Penn was founded in 1740 by an evangelist named George Whitefield. His original idea was to create a charity school and a house of worship. Despite his dreams, the project was unfinished due to huge budget costs and scarcity of resources.
In 1749, Benjamin Franklin had a vision to educate local Philadelphia citizens, he named his vision the "Publick Academy of Philadelphia". Franklin was able to spread his passion through the "Proposals Relating to the Education of Youth", an famous essay he published in the year. The academy's purpose is to allow every person to have the opportunity to learn the basic knowledge, art, and skills to acquire a job. The school supported the idea of higher education that intertwined arts and job skills. His aim was to expose younger citizens to experience leadership in public services, government, and business.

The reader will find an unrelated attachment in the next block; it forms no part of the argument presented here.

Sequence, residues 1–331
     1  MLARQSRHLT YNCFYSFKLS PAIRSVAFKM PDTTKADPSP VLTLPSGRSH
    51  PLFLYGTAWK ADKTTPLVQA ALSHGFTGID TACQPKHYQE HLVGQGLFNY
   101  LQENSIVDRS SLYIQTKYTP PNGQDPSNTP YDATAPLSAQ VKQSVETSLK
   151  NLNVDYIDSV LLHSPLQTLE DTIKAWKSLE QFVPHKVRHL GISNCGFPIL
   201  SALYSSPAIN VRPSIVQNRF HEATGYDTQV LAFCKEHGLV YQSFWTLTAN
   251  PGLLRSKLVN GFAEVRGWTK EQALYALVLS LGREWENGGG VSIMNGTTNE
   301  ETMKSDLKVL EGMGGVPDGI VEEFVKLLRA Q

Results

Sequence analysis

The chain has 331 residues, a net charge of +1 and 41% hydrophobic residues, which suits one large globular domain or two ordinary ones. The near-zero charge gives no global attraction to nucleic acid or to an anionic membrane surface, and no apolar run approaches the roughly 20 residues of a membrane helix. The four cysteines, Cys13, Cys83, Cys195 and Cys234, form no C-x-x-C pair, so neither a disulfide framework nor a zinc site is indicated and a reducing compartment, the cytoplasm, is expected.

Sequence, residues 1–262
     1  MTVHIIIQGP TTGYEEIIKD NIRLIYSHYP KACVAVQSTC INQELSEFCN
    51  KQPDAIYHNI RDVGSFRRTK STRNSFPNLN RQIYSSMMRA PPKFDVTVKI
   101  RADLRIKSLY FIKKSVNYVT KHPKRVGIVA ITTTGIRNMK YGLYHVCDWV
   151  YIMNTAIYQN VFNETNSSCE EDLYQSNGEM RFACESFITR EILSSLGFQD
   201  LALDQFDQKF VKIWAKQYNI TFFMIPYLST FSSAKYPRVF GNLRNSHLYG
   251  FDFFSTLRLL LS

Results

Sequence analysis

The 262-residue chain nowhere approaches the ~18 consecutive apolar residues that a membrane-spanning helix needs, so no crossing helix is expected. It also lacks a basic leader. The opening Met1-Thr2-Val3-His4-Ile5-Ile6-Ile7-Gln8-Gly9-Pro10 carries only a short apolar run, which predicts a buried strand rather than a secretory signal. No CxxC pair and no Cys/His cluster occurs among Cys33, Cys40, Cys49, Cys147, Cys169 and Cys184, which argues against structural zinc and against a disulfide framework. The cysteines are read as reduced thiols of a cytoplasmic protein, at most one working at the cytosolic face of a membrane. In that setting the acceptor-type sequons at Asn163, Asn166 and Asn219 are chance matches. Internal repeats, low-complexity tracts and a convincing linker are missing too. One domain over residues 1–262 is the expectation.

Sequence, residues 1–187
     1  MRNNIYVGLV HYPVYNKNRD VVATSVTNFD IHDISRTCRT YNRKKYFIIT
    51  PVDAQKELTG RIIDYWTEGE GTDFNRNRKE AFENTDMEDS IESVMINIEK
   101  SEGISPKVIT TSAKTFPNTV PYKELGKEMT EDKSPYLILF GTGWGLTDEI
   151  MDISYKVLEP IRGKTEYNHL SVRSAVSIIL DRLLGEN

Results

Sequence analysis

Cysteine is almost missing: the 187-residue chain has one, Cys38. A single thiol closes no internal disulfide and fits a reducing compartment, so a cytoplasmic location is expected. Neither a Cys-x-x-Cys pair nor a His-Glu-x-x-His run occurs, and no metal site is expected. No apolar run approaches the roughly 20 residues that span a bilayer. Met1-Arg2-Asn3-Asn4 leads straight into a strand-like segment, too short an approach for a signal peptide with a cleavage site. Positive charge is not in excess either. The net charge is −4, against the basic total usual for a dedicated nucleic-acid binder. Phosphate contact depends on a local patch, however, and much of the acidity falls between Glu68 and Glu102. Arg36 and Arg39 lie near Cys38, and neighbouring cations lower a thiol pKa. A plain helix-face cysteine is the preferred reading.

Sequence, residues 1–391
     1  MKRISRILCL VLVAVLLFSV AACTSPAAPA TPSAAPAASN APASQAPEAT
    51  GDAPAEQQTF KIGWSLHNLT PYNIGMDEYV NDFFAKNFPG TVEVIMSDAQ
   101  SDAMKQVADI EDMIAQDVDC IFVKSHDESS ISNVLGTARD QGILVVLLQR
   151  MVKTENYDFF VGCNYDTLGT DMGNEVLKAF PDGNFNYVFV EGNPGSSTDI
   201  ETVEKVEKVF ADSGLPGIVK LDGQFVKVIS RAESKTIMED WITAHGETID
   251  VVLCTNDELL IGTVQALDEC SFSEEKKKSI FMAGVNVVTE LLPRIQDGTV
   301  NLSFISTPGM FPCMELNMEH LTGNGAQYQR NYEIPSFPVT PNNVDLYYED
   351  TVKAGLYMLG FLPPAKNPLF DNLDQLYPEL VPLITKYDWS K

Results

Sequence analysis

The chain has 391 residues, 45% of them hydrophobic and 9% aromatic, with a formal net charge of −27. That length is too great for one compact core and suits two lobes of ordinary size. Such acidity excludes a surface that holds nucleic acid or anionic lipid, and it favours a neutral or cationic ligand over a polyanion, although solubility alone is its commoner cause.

|The original design for UPenn.|
Upon construction, Franklin sought for a way to reduce costs to make the education offered as affordable as possible. Franklin tried to get every donation and charity to contribute to this cause, and many Philadelphians participated by creating a great preaching hall that would serve as the charity for "the instruction of poor children". He also made ties with Reverend William Smith, who later designed a curriculum that would cover and merge Classics with the sciences. After the American Revolution, the school was acknowledged as the first American University and the first state school.
|UPenn's modern-day campus.|